Name Debbie Hawksley
Current post Newly qualified, teaching art and design at Llantarnam comprehensive, Cwmbran, south Wales
Career to date?
After A-levels I did a foundation course in art and design, then a fine art degree at De Montfort University. For two years I worked in a pub while I was doing a postgraduate diploma in arts in health and education at Derby University. Then I worked as a special needs classroom assistant for two years at my old school. I soon realised I wanted a change. I knew I could do more, and the people I worked with encouraged me to go into teaching. I did a PGCE at the University of Wales Institute, Cardiff, last year.
Why did you become a teacher?
As a classroom assistant I kept thinking I couldn't get on with teenagers.
But I realised you could build up a great relationship with them and feel like you're having an impact on their lives. I felt I could make more of a difference as a teacher. And you think about the best teachers you had at school and the experience you had with them. It sticks with you. I'm passionate about my subject so I want the students to enjoy it. There's a lot of bad publicity surrounding art - it's sometimes seen as a "dossy" subject, but there's so much we do, and there's a pastoral side to it.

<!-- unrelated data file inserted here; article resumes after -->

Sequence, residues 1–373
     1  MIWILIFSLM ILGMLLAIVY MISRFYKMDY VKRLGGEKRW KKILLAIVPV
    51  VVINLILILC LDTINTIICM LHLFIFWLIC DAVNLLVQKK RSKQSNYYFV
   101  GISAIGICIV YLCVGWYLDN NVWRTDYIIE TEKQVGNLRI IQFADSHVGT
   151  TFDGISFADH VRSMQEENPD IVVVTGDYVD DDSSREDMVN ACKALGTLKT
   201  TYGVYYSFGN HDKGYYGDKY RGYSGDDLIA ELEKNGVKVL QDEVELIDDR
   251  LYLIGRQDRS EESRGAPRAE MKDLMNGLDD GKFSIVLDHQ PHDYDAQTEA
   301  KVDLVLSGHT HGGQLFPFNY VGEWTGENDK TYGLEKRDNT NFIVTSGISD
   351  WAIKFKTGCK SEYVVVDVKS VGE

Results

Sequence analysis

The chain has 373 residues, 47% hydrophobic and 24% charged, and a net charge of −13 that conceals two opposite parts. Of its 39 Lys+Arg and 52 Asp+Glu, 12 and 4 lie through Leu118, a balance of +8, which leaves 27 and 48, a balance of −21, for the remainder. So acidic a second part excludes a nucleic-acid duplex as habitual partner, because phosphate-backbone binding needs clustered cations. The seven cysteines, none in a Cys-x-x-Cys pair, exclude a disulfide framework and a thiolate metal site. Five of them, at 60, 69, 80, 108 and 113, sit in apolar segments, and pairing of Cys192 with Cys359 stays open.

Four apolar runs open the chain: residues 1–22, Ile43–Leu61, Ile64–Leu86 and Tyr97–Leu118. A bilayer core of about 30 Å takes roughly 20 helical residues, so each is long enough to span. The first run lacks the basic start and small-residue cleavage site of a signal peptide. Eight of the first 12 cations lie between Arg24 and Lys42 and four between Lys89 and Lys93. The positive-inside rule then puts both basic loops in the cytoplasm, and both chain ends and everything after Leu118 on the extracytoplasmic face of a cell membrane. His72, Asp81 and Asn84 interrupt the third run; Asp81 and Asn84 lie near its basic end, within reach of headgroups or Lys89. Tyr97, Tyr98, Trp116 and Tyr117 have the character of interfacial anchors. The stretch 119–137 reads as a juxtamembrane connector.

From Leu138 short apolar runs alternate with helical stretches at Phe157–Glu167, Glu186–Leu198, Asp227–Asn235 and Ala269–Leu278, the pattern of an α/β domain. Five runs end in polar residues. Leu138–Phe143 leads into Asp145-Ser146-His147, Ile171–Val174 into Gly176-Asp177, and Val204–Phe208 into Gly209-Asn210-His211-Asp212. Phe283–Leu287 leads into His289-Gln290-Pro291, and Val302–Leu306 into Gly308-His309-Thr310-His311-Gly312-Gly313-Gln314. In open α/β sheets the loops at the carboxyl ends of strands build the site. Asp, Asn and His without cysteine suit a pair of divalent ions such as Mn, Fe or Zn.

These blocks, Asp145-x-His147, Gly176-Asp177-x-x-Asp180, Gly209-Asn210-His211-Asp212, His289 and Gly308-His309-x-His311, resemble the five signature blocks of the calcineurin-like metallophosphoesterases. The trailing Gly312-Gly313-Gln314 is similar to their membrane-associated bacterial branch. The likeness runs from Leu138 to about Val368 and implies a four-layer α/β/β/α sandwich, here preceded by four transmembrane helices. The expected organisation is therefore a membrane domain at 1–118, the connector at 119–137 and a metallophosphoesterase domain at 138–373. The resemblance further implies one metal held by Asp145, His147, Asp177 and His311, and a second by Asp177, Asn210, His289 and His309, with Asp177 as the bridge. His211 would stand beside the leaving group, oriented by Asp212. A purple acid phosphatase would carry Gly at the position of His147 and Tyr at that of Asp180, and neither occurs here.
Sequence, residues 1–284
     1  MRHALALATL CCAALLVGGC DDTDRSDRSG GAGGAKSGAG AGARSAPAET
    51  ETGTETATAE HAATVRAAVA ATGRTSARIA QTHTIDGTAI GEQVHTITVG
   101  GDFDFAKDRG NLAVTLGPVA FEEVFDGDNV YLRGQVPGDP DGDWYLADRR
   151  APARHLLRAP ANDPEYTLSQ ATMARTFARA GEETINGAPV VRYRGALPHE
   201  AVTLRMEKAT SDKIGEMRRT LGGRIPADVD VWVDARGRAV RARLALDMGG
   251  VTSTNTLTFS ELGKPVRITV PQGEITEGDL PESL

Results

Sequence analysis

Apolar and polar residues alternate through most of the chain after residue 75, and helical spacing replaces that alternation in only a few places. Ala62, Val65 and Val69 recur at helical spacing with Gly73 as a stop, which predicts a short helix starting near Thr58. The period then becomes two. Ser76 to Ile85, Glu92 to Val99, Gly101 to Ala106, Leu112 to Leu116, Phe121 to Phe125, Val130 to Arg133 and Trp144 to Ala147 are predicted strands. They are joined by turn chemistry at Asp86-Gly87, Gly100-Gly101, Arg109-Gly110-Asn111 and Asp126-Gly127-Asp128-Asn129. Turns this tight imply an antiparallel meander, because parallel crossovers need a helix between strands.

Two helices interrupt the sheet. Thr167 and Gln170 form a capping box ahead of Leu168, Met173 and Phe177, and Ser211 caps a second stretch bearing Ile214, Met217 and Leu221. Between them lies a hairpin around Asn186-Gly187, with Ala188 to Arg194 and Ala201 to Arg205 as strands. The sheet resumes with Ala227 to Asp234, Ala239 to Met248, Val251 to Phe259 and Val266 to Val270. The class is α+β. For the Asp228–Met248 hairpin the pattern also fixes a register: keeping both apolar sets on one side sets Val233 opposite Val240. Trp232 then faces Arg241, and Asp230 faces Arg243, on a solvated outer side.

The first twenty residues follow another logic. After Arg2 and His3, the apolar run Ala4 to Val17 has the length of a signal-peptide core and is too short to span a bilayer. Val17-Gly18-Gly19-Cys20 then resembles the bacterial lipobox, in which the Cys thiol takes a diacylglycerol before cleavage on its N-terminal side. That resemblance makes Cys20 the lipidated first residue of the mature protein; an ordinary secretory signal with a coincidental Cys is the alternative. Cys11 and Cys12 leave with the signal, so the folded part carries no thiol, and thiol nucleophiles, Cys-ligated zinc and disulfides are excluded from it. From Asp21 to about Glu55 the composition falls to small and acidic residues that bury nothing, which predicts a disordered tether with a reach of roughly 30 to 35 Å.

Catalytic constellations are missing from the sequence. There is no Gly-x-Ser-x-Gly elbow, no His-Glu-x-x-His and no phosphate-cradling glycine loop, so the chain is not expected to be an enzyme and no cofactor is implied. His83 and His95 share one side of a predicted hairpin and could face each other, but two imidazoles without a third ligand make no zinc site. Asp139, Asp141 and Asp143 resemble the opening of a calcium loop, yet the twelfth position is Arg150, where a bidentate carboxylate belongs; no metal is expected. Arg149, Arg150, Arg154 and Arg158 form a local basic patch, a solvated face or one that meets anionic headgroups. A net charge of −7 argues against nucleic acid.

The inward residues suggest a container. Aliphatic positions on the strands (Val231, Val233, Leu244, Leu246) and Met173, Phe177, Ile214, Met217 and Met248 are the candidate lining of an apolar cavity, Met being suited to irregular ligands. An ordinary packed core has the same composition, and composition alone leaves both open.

What's the best thing that's happened to you so far?
We have an art club - I have kids waiting for me in the morning, and they come in at lunchtime, and they stay after school. A girl in Year 9 wrote me a poem that used the device of spelling out my name: D is forI and so on.
It was nice to know I'd been available to her when she had problems, and to find this long poem about me on my desk.
And the worst?
Doing aboriginal painting. We used cotton buds to do the dot paintings; one boy put one in his ear, and his ear started bleeding.
What do you like most about teaching?
Every day is different - it's unpredictable. The children can make your day or break it. But every day there tends to be something rewarding.
What is your dream job?
Probably to be a head of year. I'm interested in the pastoral side of teaching.
Go in with your eyes open, don't be afraid of the children, and don't be afraid of making mistakes, because no day is ever going to be perfect.